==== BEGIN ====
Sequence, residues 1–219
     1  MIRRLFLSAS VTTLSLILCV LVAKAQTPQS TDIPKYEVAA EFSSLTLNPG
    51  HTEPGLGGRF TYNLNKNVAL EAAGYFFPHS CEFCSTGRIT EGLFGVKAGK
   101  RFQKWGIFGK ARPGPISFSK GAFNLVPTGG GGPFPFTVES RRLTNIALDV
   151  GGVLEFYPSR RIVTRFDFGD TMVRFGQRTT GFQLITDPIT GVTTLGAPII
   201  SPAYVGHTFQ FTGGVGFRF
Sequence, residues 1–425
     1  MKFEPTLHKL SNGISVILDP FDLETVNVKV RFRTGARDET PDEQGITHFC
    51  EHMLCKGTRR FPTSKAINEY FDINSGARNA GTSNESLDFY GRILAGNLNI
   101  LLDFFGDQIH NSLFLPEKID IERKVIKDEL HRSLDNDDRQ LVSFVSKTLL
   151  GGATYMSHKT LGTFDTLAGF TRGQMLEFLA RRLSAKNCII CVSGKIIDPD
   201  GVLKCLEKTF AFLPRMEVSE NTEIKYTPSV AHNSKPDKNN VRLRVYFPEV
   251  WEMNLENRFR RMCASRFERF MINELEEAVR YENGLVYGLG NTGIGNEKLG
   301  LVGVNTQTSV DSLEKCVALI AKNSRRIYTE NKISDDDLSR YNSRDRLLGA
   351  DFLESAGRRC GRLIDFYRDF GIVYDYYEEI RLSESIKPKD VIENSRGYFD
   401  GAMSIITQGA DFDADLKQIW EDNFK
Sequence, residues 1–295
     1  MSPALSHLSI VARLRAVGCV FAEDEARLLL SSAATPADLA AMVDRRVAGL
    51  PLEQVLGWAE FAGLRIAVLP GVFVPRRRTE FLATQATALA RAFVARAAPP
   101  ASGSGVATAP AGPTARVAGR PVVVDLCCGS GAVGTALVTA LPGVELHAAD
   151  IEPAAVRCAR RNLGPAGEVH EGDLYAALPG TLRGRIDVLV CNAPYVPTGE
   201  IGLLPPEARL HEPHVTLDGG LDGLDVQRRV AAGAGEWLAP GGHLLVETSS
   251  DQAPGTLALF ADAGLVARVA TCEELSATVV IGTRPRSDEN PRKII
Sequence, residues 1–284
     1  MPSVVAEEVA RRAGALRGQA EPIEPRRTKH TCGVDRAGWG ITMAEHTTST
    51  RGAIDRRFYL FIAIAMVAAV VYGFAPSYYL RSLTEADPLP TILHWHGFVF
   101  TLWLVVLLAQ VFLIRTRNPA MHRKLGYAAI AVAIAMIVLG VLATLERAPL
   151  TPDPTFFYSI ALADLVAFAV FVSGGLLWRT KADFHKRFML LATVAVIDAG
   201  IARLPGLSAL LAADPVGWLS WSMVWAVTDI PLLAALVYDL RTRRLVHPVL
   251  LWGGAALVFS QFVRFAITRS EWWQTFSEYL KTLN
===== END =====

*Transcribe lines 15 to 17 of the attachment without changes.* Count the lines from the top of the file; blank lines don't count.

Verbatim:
   351  DFLESAGRRC GRLIDFYRDF GIVYDYYEEI RLSESIKPKD VIENSRGYFD
   401  GAMSIITQGA DFDADLKQIW EDNFK
Sequence, residues 1–295